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How old is the Milky Way?

How old is the Milky Way 1

(ORDO NEWS) — If you decided to throw a Milky Way birthday party , how many candles would you have to stick into the cake? How old is our Galaxy?

So, if you were to light a candle for each year of the Milky Way’s life, then you would need from 10 to 13.4 billion candles.

How was the age of the entire Galaxy determined?

The age of the Milky Way was determined by measuring the amount of beryllium present in some of the oldest stars in our Galaxy.

Hydrogen, helium and lithium appeared almost immediately after the Big Bang, but heavier elements form inside stars and dissipate in supernovae – the explosion of some massive stars that occurs at the end of their life cycle. However, beryllium-9 (an isotope of beryllium) is formed when cosmic rays collide with heavier elements.

Since beryllium is formed in a more complex way, rather than being “baked” inside stars, it can act as a “cosmic clock”. The longer the time interval between the first stars to create heavier elements and the stars that make up globular clusters in the early Milky Way, the more beryllium would have to be from galactic cosmic rays.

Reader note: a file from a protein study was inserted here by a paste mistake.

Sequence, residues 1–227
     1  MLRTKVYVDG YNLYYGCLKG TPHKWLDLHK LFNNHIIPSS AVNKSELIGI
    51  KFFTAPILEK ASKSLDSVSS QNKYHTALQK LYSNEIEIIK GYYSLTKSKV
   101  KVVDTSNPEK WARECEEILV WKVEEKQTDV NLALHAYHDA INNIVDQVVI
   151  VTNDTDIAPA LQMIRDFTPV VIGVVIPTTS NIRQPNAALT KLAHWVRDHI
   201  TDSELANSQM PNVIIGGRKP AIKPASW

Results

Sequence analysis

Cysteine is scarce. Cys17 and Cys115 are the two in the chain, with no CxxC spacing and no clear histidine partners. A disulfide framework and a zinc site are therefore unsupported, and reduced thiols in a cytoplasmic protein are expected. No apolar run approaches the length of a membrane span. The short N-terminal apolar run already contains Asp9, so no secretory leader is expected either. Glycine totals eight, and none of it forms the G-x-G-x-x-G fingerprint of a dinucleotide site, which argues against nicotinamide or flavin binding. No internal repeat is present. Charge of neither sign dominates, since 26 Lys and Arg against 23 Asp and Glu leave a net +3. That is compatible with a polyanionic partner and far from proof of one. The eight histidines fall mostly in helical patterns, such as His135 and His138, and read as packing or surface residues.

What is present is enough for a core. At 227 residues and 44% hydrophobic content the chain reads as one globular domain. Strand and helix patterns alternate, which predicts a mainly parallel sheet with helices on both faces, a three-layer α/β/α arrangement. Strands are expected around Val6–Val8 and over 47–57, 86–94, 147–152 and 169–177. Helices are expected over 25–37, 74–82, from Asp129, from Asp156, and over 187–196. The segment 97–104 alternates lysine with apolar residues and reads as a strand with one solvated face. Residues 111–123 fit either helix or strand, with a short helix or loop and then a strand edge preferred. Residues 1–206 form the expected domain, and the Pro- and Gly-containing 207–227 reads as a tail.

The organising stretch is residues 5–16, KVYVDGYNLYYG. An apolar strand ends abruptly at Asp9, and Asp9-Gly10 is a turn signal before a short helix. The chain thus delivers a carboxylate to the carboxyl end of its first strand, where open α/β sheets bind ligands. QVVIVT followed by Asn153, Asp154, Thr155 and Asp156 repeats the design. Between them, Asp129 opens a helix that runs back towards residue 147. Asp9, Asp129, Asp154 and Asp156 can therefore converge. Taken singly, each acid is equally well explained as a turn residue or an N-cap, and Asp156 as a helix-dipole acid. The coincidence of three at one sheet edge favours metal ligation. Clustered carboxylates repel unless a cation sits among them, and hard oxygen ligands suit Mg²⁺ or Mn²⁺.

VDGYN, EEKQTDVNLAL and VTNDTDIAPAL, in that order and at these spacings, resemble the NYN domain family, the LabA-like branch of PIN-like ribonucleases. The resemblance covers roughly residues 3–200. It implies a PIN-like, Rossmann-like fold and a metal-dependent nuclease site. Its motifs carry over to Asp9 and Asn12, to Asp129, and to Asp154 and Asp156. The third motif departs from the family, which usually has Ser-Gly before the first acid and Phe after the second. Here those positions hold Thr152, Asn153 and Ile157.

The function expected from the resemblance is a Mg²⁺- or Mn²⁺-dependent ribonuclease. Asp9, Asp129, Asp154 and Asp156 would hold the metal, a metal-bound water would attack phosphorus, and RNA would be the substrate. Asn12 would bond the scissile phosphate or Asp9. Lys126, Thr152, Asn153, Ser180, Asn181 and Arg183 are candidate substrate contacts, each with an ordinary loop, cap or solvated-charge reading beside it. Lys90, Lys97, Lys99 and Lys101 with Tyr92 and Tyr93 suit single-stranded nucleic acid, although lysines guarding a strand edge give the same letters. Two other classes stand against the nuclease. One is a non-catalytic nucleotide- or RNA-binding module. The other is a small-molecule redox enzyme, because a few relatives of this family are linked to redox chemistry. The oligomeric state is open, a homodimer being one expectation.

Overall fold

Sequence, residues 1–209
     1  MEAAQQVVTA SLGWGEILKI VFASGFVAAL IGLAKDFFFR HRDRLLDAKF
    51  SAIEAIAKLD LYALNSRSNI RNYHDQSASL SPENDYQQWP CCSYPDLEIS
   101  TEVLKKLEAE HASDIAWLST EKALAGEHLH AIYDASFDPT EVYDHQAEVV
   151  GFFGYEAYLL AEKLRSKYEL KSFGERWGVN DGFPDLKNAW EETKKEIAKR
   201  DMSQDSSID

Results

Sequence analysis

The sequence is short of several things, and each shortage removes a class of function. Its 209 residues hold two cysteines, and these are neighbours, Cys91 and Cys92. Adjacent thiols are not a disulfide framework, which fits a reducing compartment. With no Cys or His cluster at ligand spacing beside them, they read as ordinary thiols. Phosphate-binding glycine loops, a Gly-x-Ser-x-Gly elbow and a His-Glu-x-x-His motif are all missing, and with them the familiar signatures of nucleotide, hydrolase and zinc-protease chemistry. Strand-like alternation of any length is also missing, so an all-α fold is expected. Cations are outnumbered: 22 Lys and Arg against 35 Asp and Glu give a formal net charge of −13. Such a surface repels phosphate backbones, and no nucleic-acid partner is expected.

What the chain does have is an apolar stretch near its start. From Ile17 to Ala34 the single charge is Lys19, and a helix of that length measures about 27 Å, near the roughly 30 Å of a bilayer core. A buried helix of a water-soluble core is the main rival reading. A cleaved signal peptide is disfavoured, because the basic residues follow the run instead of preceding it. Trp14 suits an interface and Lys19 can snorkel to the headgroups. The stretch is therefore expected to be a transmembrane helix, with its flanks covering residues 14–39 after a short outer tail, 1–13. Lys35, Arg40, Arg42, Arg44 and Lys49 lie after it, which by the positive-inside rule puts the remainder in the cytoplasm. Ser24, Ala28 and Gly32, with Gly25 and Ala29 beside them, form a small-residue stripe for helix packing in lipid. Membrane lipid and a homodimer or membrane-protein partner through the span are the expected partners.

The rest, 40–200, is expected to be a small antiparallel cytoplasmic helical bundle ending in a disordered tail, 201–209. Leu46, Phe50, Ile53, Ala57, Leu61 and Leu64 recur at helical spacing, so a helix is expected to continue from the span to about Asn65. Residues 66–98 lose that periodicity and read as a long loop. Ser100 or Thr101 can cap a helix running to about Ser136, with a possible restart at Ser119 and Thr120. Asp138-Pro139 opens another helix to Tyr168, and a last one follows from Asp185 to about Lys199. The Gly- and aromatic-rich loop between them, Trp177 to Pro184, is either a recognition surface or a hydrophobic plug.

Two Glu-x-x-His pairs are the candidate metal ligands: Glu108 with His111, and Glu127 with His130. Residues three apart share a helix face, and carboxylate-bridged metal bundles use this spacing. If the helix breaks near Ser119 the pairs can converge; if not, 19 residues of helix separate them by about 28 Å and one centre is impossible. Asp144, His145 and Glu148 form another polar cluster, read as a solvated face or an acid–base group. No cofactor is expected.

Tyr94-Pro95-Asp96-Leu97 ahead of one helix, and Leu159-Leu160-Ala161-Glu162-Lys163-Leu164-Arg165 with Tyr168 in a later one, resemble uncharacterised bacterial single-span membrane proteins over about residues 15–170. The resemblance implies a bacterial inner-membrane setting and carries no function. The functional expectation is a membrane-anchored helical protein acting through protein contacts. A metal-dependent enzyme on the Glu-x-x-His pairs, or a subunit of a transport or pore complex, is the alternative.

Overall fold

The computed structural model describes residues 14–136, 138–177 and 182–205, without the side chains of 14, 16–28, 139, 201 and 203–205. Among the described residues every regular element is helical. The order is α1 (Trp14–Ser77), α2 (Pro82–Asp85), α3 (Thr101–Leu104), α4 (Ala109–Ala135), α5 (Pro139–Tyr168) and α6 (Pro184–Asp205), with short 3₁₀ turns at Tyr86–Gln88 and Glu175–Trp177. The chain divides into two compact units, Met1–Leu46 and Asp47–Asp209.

In other words, the age of the Milky Way or any other galaxy is directly proportional to the amount of beryllium within it.

By measuring the beryllium abundance in the oldest stars in the Milky Way, one can roughly determine the age of the galaxy. This method is similar to radiocarbon dating – using the radioactive decay of carbon-14 on Earth to determine the age of fossils.

Studying the chemical composition of ancient stars (we have a detailed ARTICLE about this process ) of the Milky Way, scientists have established that their age is about 13.4 billion years.

But you need to understand that the Milky Way is a product of the merger of globular clusters and smaller elliptical galaxies. This suggests that our Galaxy began to form about 13.4 billion years ago, but the finished version of the galactic disk appeared about 10-12 billion years ago.

All this indicates that the Milky Way is practically the same age as the Universe, whose age is estimated at 13.8 billion years. How many have seen our galactic home.


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